Q: How has focusing on a specific medium enhanced your creativity?


A: There's an adage about perimeters giving you freedom, and I think to a certain extent, that's true. I don't fixate on my medium so much as the message or idea--that's really what directs everything I do, but there's no denying that drawing it out is the natural inclination. At one point I was very limited by the materials I could afford (and I use the term "afford" loosely-- I started out by raiding the garbage cans in the art department at my university with my best friend at the end of the semester). So my experiences as a student still play a role in what I'm prone to create with and how I create. I use these skills as a base and build upon them. What do I have around? What is necessary to explore what I need to communicate?

Q: Artists get reputations for being flaky, having "shiny syndrome", and being ADD about their work. Do you think this is true? Fair? How do you see this?

A: There's flaky people everywhere. Most of us are flakes at some point (and I mean everyone, not just artists), and hopefully we just move from that place. Or stay, and accept the consequences. I just know that I have high expectations for myself, and I'm probably attracting a client of a similar bent. I can only be responsible for my own behavior, and hope that it encourages the folks around me to step up, if they haven't already. It's that whole thing about you become the most like the five people you spend the most time around. As a teen, this would have sucked. Now, I know my power and exercise it-- I spend time with people who kick ass and inspire me. Those are my favorite types of people.

Q: What advice would you give to others who feel they are looking to jump into another medium? 


A: Don't think, just do. And start small-- maybe just practice with your new medium for a little bit each day, and then gradually up your intensity of study. Keep a notebook around you all the time so you can write down all your brilliant ideas: everything from pieces you want to create, new ways to use that medium, and people to research and contact. Take yourself seriously.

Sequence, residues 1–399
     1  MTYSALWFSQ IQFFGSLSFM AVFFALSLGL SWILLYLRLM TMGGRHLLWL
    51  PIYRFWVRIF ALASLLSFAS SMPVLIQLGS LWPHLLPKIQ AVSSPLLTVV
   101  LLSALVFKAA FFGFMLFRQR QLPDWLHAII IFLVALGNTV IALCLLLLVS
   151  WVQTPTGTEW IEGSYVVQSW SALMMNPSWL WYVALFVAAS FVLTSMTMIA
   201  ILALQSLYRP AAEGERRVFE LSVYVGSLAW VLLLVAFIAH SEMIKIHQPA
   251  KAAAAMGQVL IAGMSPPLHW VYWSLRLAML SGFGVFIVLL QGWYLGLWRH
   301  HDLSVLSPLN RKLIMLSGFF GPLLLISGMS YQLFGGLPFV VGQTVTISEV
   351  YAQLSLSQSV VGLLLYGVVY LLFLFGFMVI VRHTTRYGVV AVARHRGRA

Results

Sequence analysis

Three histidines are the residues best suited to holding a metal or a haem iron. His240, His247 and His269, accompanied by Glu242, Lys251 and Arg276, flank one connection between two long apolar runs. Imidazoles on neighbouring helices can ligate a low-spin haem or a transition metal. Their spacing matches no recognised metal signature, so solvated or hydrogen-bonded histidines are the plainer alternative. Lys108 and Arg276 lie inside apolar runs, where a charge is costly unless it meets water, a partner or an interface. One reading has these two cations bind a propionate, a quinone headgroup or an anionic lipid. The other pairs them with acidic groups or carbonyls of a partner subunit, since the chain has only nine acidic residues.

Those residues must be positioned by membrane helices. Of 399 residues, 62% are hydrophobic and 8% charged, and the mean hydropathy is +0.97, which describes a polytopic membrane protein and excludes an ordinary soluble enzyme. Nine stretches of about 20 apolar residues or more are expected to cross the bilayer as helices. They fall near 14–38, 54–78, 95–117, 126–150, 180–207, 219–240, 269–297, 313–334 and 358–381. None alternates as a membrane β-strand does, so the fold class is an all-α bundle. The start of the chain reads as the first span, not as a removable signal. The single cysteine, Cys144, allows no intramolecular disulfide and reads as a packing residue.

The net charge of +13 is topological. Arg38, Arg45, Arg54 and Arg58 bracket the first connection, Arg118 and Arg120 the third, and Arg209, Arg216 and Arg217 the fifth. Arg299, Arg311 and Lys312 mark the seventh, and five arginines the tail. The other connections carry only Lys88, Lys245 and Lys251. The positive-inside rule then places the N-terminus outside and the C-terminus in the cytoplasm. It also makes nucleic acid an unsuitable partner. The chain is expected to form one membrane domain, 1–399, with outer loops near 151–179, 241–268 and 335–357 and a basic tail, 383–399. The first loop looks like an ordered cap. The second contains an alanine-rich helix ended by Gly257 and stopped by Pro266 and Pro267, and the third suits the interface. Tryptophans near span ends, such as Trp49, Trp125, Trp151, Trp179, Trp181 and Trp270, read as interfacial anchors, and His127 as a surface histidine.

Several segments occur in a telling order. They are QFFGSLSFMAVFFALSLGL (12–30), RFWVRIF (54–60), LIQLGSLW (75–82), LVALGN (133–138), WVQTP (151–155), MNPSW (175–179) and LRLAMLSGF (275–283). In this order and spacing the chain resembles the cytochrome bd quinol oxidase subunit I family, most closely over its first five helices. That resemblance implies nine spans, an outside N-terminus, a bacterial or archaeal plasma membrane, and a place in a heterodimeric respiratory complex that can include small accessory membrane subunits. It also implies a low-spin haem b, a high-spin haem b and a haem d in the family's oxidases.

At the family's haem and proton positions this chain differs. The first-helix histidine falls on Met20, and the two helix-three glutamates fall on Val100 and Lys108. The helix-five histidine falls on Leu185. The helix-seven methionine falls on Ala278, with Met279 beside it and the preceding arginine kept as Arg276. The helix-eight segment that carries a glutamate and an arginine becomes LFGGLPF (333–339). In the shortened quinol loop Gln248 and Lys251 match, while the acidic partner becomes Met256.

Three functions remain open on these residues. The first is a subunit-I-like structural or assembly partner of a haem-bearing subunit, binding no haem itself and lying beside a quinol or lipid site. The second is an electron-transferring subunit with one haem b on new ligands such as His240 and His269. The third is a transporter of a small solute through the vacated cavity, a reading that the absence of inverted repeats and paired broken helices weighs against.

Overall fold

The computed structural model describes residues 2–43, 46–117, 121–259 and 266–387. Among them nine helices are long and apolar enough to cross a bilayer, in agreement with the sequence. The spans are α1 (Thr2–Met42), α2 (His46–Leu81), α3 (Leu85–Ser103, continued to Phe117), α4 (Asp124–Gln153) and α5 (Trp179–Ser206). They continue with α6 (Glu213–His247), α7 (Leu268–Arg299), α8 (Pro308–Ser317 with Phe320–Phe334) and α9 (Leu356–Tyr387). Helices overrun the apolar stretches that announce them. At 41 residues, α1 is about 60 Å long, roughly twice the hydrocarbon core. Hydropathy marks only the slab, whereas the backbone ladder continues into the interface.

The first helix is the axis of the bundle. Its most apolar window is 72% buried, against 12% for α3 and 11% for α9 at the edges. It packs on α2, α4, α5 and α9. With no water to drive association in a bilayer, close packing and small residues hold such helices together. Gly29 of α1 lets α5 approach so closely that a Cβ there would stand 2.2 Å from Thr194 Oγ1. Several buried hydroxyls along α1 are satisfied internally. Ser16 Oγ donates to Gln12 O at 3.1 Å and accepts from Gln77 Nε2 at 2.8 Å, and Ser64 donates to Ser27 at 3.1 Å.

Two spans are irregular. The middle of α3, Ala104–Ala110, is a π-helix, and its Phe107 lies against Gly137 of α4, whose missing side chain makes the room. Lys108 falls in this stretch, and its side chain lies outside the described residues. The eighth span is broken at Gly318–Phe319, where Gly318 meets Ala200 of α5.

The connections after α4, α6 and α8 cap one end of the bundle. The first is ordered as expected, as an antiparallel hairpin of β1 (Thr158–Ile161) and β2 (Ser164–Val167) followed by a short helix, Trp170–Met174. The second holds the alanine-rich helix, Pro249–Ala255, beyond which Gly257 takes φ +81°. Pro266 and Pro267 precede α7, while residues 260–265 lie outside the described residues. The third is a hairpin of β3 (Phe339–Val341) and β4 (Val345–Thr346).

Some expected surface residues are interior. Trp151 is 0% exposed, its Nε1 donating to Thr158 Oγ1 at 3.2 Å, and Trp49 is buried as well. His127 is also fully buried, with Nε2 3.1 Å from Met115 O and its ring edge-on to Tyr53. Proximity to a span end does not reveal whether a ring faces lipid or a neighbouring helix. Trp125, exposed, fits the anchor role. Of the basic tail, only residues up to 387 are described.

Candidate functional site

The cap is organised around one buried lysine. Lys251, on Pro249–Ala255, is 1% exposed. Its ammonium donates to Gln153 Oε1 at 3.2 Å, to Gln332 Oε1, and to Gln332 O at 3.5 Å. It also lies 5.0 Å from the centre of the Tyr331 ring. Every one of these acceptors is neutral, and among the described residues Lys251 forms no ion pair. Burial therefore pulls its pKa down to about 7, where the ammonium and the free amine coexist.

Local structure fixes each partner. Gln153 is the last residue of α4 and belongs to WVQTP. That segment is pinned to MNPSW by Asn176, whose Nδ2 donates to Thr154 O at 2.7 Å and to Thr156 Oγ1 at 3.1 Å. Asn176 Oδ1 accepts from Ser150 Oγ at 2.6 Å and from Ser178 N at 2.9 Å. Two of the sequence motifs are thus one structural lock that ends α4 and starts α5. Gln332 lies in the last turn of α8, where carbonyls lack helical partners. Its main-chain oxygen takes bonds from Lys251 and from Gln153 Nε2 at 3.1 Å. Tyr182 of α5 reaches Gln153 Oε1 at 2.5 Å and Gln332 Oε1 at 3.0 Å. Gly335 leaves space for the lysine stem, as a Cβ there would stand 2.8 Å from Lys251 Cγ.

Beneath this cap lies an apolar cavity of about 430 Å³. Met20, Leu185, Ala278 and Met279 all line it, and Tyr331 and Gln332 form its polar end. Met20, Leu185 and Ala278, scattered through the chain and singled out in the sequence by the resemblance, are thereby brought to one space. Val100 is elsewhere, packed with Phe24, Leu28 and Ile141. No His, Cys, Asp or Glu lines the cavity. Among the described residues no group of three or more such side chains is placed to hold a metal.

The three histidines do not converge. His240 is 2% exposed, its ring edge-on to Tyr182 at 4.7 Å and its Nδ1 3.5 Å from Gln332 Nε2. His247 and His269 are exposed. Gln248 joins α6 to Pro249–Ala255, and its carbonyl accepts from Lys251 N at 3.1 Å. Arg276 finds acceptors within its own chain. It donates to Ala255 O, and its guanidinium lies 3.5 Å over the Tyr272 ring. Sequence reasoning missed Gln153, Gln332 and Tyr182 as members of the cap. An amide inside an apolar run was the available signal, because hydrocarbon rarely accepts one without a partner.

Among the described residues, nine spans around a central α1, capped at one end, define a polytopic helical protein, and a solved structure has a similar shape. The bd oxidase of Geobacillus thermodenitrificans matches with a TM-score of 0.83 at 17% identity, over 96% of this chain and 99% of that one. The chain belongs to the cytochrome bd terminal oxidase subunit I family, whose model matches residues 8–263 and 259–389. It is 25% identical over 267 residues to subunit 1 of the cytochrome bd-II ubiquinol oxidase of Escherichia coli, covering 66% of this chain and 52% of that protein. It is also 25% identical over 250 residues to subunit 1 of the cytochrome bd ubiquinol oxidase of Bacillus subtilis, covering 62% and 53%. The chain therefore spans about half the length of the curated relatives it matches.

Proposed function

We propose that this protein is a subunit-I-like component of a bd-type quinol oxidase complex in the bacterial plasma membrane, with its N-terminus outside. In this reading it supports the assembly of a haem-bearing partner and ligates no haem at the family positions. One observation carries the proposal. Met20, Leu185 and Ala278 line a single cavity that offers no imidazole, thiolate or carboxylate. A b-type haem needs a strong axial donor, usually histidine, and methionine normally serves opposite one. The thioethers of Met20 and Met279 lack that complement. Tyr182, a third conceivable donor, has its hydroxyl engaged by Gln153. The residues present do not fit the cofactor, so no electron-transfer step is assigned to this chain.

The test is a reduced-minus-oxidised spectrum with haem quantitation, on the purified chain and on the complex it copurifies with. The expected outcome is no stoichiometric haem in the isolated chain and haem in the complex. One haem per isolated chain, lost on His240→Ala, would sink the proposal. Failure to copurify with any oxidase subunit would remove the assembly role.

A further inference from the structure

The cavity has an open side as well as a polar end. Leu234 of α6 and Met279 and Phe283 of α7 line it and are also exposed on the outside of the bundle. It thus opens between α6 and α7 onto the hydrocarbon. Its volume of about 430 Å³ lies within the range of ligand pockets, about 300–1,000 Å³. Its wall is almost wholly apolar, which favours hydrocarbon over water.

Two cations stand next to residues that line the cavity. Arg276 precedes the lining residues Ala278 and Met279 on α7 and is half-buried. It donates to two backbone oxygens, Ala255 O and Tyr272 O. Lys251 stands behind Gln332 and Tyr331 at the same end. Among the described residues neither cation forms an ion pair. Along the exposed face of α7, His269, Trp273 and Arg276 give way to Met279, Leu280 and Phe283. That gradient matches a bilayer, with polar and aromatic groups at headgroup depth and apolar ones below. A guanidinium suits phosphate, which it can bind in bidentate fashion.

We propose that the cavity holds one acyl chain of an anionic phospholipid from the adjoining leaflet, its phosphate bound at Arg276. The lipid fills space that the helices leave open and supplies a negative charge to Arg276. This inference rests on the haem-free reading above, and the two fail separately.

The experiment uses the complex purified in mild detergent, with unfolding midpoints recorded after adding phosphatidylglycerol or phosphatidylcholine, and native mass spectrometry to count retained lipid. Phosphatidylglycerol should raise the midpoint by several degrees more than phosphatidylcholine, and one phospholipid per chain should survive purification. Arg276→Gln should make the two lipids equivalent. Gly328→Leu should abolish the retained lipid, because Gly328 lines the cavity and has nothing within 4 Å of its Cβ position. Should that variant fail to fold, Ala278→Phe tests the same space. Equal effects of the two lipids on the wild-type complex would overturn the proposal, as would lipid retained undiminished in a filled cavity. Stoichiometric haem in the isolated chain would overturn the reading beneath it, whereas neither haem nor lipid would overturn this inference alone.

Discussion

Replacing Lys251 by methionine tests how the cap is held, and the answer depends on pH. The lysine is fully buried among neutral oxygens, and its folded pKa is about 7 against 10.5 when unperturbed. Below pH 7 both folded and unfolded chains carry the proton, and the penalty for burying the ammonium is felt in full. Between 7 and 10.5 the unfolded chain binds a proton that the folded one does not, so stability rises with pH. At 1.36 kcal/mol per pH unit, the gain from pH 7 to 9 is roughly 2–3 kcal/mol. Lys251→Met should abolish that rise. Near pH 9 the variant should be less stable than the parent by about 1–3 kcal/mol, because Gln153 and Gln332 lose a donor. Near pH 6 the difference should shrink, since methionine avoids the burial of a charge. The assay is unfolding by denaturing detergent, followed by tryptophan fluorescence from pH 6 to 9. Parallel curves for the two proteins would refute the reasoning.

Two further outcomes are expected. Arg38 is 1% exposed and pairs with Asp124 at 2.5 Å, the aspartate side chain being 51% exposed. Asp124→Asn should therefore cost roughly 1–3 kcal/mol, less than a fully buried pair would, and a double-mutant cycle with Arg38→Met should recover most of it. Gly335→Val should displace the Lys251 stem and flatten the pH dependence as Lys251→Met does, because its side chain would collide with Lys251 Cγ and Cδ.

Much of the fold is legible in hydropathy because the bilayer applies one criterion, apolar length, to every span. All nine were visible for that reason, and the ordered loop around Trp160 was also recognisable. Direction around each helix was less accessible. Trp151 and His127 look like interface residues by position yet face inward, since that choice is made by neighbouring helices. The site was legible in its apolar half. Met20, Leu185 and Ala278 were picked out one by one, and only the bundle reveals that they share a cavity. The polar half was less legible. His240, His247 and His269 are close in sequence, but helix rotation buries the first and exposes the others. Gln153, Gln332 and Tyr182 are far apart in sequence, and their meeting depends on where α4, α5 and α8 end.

Q: We are always hearing about "branding" consistency... can you talk about what happens to this when you change? How it does/doesn't matter?

A: It matters as much as you want it to matter. I know amazing artists that have awful branding-- but maybe their client isn't on the internet or privy to the artist's business cards, so it wouldn't matter for them. Maybe that artist's goal isn't necessarily to be palatable. It matters to me because the majority of my clients find me online. The first thing they see is my website/blog, and how clean/organized it is, for better or for worse-- from there, they really get the heavy lifting of my work, on my message. It's important for my brand to be consistent, because my goal is for my work to leave an impression with the viewer. The more people see something, the more apt they are to remember it. I work across multiple platforms, so I want my viewers experience to be both seamless and intriguing. I want to be a black hole you have no interest in escaping!

Q: Where can people find you and your stuff?

A: My website/blog is my homebase, and you can and should come visit me often at! You'll find everything your heart could possibly desire. And you can always email me. I love emails most of all.